As the American firing ceased, Dave called the order:
“Load magazines, but reserve fire. Rush three hundred feet closer to the wharf and then halt and form again.”
This move was carried out, but a third sailor dropped wounded.
As a lull came in the firing, Ensign Darrin blew a signal on his whistle. In response, two marines came sprinting to the spot.
“Take this wounded man to the launch,” Darrin ordered.
“Corporal Ross hopes, sir, you’ll soon give him leave to turn the machine gun loose,” one of the marines suggested respectfully.
“I’ll give the order as soon as the time comes,” Darrin promised. “Tell Corporal Ross that one flash from my pocket lamp will mean ‘open fire,’ and that two flashes will mean ‘cease firing.’
“Very good, sir.”
The wounded man was borne away. Again Dave attempted a rush, then reformed his men, this time not more than two hundred and fifty feet from the stern of the launch.
“Aye, aye, sir!”
“You will take command here. I must see to the safety of our passengers.”
“Aye, aye, sir.”
“Fire when you think best, but do not let the men waste ammunition. We have but a hundred rounds apiece.”
“I know it, sir.”
Then Dave dashed down to the wharf, just before which stood Corporal Ross looking the picture of disappointment. He had hoped for permission to open fire.
Ensign Darrin and John Carmody ran to the launch together. Aided by Coxswain Schmidt, Hicks had done his work well, placing the women and children flat along the bottom of the craft, where they were little likely to be found by flying bullets.
Again the fire had slackened. Dave stood with the marines, peering into the blackness beyond.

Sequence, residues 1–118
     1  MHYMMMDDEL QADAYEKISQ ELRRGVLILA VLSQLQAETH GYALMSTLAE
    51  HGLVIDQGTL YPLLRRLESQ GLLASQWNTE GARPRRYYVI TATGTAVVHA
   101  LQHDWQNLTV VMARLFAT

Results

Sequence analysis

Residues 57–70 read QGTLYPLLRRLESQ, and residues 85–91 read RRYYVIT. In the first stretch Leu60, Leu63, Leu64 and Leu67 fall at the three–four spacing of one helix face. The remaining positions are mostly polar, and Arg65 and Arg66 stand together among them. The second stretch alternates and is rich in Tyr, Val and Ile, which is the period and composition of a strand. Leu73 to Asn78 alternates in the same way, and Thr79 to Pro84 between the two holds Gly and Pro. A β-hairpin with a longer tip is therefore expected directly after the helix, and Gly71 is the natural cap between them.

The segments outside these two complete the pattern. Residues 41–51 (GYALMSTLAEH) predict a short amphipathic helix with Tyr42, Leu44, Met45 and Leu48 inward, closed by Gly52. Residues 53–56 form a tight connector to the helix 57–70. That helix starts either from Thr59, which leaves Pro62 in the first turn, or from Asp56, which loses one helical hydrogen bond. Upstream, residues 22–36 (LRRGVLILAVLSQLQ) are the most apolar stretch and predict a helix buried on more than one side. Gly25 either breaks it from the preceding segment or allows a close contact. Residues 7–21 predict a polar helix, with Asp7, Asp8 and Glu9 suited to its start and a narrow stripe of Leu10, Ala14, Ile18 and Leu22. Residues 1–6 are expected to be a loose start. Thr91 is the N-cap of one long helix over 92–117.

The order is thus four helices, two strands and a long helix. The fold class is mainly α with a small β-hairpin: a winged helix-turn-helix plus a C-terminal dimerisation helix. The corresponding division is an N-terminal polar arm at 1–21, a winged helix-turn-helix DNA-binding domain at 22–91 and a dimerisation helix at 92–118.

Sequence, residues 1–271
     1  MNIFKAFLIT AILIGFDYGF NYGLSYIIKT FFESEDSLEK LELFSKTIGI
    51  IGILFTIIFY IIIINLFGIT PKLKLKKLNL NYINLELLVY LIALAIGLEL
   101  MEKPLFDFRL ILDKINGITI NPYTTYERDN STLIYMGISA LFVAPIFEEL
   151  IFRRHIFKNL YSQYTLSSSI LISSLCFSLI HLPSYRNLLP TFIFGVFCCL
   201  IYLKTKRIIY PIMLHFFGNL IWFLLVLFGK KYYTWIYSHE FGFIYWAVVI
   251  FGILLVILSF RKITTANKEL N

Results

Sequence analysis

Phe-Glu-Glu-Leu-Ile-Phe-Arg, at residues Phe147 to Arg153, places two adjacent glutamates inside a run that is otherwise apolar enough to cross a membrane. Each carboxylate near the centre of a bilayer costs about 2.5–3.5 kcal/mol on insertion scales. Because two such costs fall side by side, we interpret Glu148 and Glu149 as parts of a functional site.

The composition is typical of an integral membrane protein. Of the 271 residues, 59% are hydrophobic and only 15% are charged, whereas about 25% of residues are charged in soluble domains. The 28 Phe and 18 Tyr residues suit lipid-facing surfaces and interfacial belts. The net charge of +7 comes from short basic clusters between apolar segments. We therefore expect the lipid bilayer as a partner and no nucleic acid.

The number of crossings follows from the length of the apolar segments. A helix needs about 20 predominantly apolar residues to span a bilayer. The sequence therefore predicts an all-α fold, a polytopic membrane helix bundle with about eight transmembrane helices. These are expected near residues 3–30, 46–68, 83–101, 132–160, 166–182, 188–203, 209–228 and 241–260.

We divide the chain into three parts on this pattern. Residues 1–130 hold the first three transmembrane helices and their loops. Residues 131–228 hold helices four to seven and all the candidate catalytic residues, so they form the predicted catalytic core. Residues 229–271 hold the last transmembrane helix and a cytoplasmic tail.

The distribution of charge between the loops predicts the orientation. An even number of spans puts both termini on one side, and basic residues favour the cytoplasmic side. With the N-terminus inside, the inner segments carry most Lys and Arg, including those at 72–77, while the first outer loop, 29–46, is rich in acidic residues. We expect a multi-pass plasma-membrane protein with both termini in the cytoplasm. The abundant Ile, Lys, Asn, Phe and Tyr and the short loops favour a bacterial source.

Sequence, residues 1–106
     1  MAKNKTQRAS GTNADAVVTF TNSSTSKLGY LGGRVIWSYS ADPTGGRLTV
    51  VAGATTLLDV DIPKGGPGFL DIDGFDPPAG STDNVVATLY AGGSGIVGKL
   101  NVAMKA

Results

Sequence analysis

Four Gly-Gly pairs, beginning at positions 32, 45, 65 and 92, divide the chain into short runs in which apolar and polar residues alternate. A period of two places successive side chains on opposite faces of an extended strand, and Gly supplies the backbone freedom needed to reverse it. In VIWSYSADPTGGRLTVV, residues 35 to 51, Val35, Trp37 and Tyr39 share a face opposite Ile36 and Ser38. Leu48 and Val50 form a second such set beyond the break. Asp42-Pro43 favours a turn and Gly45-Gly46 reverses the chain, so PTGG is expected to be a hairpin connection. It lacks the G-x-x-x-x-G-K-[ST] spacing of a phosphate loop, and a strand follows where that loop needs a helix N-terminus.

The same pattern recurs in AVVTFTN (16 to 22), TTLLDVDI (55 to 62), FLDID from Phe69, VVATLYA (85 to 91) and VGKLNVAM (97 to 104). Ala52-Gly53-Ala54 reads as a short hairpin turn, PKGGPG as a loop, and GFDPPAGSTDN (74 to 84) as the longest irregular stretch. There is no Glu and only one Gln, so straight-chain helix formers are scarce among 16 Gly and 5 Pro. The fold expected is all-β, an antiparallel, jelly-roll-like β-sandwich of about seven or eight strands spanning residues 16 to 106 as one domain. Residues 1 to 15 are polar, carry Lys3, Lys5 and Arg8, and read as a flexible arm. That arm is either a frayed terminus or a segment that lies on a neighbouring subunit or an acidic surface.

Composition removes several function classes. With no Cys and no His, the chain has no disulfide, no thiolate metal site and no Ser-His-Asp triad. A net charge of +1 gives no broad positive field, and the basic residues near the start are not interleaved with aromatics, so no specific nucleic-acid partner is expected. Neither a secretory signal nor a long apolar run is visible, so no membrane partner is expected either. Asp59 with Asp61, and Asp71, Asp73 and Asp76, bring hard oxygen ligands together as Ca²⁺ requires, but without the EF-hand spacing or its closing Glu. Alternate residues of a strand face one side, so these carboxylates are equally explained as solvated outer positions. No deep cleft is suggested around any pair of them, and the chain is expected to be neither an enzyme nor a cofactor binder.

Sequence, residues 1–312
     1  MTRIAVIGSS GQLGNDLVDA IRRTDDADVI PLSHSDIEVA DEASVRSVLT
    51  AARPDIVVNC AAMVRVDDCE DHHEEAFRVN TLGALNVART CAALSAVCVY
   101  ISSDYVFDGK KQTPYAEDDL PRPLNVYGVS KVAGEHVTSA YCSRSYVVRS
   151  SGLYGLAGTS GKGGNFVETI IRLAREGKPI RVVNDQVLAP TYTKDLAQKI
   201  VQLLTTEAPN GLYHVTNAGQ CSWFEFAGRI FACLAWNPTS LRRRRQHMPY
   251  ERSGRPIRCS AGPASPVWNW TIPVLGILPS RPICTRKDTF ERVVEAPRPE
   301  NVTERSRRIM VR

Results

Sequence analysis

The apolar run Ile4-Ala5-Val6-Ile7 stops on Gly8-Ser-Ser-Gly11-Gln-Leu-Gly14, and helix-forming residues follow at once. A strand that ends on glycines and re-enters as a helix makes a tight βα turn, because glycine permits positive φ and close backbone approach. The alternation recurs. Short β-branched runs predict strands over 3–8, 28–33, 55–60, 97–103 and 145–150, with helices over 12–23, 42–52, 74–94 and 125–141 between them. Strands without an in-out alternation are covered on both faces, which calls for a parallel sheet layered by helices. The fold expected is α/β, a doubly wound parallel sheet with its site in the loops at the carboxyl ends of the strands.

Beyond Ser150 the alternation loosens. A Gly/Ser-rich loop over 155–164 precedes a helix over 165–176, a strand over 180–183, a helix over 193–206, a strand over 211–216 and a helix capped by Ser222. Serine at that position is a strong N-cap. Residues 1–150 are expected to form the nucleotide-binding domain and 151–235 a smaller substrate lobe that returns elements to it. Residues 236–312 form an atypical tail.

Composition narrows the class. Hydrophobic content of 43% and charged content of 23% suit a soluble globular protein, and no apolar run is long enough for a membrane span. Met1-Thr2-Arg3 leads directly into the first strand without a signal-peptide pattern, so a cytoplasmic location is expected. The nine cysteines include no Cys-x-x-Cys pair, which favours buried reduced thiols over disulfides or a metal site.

“Can’t you call in your party and make a quick dash down the lagoon?” inquired John Carmody, approaching, a rifle still gripped by one hand and a cartridge-belt thrown over one shoulder.
“We can’t travel fast in the lagoon, sir,” Dave answered, “and Cosetta’s men can run as fast along the shore, keeping up a fire that would be more deadly when we’re crowded together aboard the launch. I want to silence the scoundrel’s fire, if possible, before we try the dash out into the Gulf.”
“You appear to have discouraged the men who flanked you,” said Mr. Carmody, looking towards the shore.
“Yes, sir; but, judging by the rifle flashes there were not more than twenty men in that flanking party. We still have to hear from another body, and I believe they are hiding in the mill, ready to snipe us from there. Besides, probably a smaller party has been sent from the flankers to lie in wait and get us as we go through the lagoon. It’s a bad trap, Mr. Carmody, and we must move slowly, if we wish to get away with our lives.”
While they stood watching, Riley’s handful of men came running to the spot.